Researchers from the Ruhr-Universität Bochum (RUB) and from the MPI Dortmund have for the first time successfully reproduced the recycling process of proteins regulating cellular transport in a biophysical experiment. In doing so, they traced in detail the way the central switch protein Rab is being extracted from the lipid membrane.
The Rab protein (grey and magenta) with bound GDP (multi-coloured) sits on a membrane surface. As the infrared ray is reflected from the surface, the processes that take place on the membrane can be studied. The GDI, represented by the hand, seizes the Rab protein and extracts it from the membrane. The timeline of the infrared spectra (top centre) is resolved in the spectrometer (top right).
Credit: Konstantin Gavriljuk, RUB
The team of PD Dr Carsten Kötting, Prof Dr Klaus Gerwert (Department of Biophysics, RUB) and Prof Dr Roger S. Goody (Max Planck Institute for Molecular Physiology, Dortmund) has published the spectroscopic and dynamic data in the PNAS journal's Online Early Edition. "Until now, this protein's interactions have only ever been studied in a solution – i.e. without a lipid membrane. The step into the protein's natural environment opens up entirely new possibilities," says Carsten Kötting. This is because many disease-relevant protein interactions within a cell take place on a membrane.From solution to membrane
The project funds are supplied by SFB 642 "GTP and ATP-dependent Membrane Processes", whose spokesperson is Prof Gerwert.Bibliographic record
PD Dr Carsten Kötting, Department of Biophysics, Faculty of Biology and Biotechnology at the Ruhr-Universität, 44780 Bochum, Germany, tel. +49/234/32-24461, e-mail: Koetting@bph.rub.deA click away
Dr. Carsten Kötting | EurekAlert!
Researchers develop eco-friendly, 4-in-1 catalyst
25.04.2017 | Brown University
Transfecting cells gently – the LZH presents a GNOME prototype at the Labvolution 2017
25.04.2017 | Laser Zentrum Hannover e.V.
More and more automobile companies are focusing on body parts made of carbon fiber reinforced plastics (CFRP). However, manufacturing and repair costs must be further reduced in order to make CFRP more economical in use. Together with the Volkswagen AG and five other partners in the project HolQueSt 3D, the Laser Zentrum Hannover e.V. (LZH) has developed laser processes for the automatic trimming, drilling and repair of three-dimensional components.
Automated manufacturing processes are the basis for ultimately establishing the series production of CFRP components. In the project HolQueSt 3D, the LZH has...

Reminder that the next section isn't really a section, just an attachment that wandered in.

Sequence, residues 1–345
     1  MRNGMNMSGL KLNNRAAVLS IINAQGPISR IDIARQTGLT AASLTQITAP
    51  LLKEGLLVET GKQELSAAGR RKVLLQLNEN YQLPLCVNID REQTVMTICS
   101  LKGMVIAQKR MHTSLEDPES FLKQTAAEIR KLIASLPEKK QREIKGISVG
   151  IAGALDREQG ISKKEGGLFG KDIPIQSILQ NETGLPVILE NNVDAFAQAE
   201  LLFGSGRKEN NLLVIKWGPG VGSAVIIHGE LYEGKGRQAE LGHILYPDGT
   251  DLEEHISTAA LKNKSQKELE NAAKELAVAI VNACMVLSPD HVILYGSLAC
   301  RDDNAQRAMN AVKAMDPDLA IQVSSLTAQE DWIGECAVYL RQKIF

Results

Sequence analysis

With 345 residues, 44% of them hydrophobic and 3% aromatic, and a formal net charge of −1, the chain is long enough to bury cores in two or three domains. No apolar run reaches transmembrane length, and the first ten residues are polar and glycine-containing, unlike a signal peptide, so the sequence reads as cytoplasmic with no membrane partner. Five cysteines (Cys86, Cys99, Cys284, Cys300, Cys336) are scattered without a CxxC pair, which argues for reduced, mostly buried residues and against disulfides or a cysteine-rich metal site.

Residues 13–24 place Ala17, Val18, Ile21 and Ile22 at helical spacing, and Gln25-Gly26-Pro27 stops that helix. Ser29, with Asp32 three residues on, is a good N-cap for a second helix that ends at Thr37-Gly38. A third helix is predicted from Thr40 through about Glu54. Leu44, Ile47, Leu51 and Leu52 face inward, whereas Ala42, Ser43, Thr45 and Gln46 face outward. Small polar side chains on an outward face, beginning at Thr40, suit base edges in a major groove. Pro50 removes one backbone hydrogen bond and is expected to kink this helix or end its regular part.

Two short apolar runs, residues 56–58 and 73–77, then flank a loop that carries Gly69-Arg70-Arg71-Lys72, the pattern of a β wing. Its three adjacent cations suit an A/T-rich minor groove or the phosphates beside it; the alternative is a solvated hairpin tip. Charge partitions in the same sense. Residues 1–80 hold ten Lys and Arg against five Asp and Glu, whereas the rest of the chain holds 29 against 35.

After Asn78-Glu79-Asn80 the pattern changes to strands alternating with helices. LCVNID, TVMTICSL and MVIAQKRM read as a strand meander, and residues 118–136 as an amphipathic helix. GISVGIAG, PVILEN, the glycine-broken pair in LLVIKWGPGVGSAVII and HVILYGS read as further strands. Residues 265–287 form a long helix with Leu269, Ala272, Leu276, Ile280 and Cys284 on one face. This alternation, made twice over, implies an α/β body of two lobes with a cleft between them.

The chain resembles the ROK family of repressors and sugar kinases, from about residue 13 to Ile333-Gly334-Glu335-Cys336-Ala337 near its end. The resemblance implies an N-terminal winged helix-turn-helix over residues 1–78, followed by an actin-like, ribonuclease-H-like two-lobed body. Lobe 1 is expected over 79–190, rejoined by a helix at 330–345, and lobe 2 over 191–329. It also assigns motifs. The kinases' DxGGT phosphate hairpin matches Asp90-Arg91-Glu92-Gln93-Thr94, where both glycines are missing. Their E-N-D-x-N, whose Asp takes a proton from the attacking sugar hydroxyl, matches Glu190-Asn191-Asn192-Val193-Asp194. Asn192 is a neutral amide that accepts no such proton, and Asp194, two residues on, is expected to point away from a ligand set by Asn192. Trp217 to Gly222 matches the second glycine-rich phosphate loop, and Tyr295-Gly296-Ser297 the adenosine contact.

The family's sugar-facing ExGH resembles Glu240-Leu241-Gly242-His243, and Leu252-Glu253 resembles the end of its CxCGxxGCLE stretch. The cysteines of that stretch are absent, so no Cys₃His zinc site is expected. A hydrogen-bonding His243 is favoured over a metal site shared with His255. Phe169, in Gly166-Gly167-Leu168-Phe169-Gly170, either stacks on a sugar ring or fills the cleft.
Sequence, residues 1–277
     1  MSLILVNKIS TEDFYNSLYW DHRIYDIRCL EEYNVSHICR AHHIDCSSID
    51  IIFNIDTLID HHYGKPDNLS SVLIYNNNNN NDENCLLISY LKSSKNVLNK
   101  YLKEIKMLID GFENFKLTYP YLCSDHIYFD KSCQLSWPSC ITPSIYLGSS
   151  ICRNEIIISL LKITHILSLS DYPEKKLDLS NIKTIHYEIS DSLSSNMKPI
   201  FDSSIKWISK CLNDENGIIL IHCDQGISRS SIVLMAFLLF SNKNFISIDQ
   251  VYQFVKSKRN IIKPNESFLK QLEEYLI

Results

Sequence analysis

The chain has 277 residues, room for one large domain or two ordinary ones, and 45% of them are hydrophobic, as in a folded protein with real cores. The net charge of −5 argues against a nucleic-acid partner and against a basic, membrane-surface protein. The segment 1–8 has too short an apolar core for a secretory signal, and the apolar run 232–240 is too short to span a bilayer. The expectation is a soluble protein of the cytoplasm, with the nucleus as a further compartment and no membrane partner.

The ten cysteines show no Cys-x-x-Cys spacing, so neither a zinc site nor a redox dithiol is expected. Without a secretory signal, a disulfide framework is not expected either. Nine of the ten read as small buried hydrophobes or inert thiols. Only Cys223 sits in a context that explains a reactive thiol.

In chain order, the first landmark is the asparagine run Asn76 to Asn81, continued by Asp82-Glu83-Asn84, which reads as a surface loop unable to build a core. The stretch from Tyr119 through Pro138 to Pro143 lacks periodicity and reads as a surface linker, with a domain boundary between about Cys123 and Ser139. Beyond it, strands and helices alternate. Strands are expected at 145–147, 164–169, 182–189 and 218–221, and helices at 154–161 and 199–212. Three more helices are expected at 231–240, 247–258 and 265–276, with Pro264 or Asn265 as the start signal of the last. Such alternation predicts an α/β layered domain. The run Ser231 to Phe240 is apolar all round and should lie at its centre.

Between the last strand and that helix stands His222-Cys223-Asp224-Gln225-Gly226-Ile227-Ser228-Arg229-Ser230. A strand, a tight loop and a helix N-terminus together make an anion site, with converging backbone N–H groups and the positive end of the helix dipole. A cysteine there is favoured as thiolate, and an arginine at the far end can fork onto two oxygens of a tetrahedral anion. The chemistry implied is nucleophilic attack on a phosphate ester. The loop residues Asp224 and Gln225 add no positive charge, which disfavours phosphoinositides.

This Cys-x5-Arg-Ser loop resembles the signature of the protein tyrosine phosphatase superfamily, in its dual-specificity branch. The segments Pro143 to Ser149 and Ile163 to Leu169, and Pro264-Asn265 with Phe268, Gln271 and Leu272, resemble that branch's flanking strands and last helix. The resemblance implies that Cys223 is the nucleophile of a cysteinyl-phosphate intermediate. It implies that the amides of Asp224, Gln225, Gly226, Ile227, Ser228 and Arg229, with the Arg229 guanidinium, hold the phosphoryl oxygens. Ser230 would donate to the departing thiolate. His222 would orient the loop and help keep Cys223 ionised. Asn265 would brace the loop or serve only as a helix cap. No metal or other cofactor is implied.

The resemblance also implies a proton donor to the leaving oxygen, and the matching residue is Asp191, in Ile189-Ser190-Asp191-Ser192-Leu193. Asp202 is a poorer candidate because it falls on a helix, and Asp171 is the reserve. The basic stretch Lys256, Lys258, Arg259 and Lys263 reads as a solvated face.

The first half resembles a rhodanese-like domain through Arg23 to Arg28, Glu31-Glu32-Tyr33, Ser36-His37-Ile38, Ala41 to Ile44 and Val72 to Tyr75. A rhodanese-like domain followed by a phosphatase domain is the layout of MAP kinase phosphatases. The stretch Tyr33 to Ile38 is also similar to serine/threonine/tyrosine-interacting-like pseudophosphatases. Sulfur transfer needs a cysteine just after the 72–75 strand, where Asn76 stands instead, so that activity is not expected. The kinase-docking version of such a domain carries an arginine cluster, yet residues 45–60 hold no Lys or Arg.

Reflecting the structure of composites found in nature and the ancient world, researchers at the University of Illinois at Urbana-Champaign have synthesized thin carbon nanotube (CNT) textiles that exhibit both high electrical conductivity and a level of toughness that is about fifty times higher than copper films, currently used in electronics.
"The structural robustness of thin metal films has significant importance for the reliable operation of smart skin and flexible electronics including...
The nearby, giant radio galaxy M87 hosts a supermassive black hole (BH) and is well-known for its bright jet dominating the spectrum over ten orders of magnitude in frequency. Due to its proximity, jet prominence, and the large black hole mass, M87 is the best laboratory for investigating the formation, acceleration, and collimation of relativistic jets. A research team led by Silke Britzen from the Max Planck Institute for Radio Astronomy in Bonn, Germany, has found strong indication for turbulent processes connecting the accretion disk and the jet of that galaxy providing insights into the longstanding problem of the origin of astrophysical jets.
Supermassive black holes form some of the most enigmatic phenomena in astrophysics. Their enormous energy output is supposed to be generated by the...
The probability to find a certain number of photons inside a laser pulse usually corresponds to a classical distribution of independent events, the so-called...
Microprocessors based on atomically thin materials hold the promise of the evolution of traditional processors as well as new applications in the field of flexible electronics. Now, a TU Wien research team led by Thomas Müller has made a breakthrough in this field as part of an ongoing research project.
Two-dimensional materials, or 2D materials for short, are extremely versatile, although – or often more precisely because – they are made up of just one or a...
20.04.2017 | Event News
18.04.2017 | Event News
03.04.2017 | Event News
25.04.2017 | Physics and Astronomy
25.04.2017 | Materials Sciences
25.04.2017 | Life Sciences